Palliative care registers: infringement on human rights?
A personal view made in light of the recent news article regarding a husband wanting to sue Addenbrooke's hospital over a Do Not Attempt Resuscitation decision. This article aims to highlight how the rolling out of cross boundary palliative care registers may be more at risk of infringing human rights.
- elderly and terminally Ill
- general medicine/internal medicine
- informed consent
Statistics from Altmetric.com
If you wish to reuse any or all of this article please use the link below which will take you to the Copyright Clearance Center’s RightsLink service. You will be able to get a quick price and instant permission to reuse the content in many different ways.
Competing interests None.
Provenance and peer review Not commissioned; externally peer reviewed.
Read the full text or download the PDF:
Other content recommended for you
- Including patients in resuscitation decisions in Switzerland: from doing more to doing better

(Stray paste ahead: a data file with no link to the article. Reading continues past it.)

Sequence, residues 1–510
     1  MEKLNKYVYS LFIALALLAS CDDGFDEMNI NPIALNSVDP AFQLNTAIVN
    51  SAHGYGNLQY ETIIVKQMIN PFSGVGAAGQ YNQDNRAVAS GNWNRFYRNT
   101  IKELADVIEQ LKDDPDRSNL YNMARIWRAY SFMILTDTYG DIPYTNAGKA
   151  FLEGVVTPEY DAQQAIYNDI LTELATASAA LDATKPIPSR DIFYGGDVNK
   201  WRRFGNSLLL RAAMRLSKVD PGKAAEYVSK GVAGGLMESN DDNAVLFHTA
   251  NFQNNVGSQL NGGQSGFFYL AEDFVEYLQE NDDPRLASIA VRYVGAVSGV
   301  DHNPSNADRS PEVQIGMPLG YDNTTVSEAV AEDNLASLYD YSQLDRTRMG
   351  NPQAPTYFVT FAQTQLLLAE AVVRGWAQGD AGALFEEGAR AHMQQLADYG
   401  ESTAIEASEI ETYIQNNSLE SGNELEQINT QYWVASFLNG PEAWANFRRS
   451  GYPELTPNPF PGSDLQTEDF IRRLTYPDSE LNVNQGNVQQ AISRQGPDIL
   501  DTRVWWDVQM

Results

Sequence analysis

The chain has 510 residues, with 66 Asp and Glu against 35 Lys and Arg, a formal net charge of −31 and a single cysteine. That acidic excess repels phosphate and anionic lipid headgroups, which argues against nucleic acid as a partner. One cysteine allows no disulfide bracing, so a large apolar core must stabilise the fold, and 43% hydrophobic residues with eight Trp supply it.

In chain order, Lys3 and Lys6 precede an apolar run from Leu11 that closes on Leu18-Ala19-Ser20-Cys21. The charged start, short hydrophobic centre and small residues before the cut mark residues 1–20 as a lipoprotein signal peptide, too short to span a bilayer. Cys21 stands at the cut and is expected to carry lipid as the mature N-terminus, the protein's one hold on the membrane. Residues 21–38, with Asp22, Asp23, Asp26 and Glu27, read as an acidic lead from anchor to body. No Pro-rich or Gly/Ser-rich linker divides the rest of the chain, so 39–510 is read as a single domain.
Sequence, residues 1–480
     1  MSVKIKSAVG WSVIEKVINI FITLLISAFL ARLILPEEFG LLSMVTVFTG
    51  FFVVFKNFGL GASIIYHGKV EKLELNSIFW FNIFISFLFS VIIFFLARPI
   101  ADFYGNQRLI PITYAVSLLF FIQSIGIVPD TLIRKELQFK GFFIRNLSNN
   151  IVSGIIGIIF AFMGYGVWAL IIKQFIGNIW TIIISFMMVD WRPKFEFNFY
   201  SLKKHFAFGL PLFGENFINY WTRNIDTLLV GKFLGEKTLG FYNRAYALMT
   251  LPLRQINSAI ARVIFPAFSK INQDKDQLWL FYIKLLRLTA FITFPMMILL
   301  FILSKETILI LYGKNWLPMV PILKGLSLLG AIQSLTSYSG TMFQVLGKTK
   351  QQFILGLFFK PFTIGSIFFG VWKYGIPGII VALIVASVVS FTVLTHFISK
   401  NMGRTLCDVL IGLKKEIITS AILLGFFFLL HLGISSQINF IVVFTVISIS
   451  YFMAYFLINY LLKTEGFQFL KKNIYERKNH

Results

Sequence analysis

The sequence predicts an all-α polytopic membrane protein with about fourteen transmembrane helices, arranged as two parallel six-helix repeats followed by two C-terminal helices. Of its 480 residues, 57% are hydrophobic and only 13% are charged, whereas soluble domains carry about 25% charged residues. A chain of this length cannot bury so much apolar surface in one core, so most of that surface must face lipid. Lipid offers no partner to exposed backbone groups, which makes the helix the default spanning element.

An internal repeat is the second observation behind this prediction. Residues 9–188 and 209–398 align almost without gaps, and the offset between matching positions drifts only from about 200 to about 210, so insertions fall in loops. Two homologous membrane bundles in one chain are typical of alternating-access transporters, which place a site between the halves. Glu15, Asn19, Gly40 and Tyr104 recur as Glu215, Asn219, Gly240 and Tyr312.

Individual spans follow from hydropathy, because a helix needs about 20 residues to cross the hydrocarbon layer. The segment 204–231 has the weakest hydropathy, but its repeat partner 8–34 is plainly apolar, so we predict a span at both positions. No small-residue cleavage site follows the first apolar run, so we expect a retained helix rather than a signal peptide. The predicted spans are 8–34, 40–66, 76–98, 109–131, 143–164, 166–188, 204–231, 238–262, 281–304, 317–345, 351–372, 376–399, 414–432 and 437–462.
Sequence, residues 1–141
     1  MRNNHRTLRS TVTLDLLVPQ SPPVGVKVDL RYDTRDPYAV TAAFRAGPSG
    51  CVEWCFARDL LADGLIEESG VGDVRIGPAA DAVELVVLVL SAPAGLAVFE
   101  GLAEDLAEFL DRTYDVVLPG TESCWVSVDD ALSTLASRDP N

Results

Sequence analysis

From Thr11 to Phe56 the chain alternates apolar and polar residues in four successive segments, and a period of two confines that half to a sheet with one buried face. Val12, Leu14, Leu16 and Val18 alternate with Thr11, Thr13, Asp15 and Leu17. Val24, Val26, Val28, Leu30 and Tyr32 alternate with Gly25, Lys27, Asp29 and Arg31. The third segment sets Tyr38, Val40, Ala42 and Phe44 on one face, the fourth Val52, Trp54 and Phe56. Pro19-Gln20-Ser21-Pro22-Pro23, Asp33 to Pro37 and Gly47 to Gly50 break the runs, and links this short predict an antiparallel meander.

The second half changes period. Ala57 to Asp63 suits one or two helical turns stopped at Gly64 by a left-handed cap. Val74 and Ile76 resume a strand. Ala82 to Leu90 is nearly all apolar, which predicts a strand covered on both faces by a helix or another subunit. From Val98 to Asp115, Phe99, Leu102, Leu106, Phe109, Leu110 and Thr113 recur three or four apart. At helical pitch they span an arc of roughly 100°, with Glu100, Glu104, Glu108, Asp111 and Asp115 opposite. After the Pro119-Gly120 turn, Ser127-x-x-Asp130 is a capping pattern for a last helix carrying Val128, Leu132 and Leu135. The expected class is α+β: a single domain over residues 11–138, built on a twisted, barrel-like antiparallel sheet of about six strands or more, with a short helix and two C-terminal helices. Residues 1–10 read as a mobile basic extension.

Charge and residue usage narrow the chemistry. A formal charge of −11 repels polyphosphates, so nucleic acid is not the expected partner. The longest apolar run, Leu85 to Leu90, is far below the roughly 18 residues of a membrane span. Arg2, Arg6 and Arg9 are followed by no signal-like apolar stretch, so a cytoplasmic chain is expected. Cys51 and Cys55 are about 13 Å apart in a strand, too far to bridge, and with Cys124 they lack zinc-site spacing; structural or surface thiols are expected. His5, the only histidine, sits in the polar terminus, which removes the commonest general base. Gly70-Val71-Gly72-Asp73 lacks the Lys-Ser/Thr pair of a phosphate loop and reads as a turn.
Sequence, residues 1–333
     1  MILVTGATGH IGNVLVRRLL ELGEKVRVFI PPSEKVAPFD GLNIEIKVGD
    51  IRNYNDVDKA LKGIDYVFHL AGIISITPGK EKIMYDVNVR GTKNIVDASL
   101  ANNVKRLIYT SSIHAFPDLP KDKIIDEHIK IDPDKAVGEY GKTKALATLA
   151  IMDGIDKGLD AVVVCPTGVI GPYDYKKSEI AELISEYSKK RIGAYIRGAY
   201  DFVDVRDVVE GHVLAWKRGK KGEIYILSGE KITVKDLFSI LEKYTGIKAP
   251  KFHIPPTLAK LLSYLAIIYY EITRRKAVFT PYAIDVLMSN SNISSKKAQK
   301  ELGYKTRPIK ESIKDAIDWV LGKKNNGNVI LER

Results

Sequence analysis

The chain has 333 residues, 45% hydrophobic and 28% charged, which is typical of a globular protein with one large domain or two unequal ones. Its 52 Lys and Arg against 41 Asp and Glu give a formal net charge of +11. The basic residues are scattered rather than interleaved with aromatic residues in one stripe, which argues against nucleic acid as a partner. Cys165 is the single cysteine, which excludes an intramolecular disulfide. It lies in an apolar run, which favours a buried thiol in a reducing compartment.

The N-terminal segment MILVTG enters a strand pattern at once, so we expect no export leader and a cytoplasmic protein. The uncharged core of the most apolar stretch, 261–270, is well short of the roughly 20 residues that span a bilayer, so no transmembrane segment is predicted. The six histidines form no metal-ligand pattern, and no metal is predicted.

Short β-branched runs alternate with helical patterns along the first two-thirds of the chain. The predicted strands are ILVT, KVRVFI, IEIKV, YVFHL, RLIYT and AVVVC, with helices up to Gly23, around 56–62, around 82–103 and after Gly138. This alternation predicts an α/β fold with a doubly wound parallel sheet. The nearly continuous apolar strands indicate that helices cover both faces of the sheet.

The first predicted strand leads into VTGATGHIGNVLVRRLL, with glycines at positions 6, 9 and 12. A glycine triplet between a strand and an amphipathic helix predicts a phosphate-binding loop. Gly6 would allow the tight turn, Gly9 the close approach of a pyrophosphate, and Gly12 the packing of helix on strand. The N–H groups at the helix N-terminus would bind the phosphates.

- In what circumstances will a neonatologist decide a patient is not a resuscitation candidate?
- Do-not-attempt-resuscitation (DNAR) orders: understanding and interpretation of their use in the hospitalised patient in Ireland. A brief report
- End of life care in the emergency department
- Ethics briefings
- An audit of “do not attempt resuscitation” decisions in two district general hospitals: do current guidelines need changing?
- Offering older hospitalised patients the choice to die in their preferred place
- Improving rates of implantable cardioverter defibrillator deactivation in end-of-life care
- Guideline for the management of terminal haemorrhage in palliative care patients with advanced cancer discharged home for end-of-life care
- Decisions Relating to Cardiopulmonary Resuscitation: commentary 1: CPR and the cost of autonomy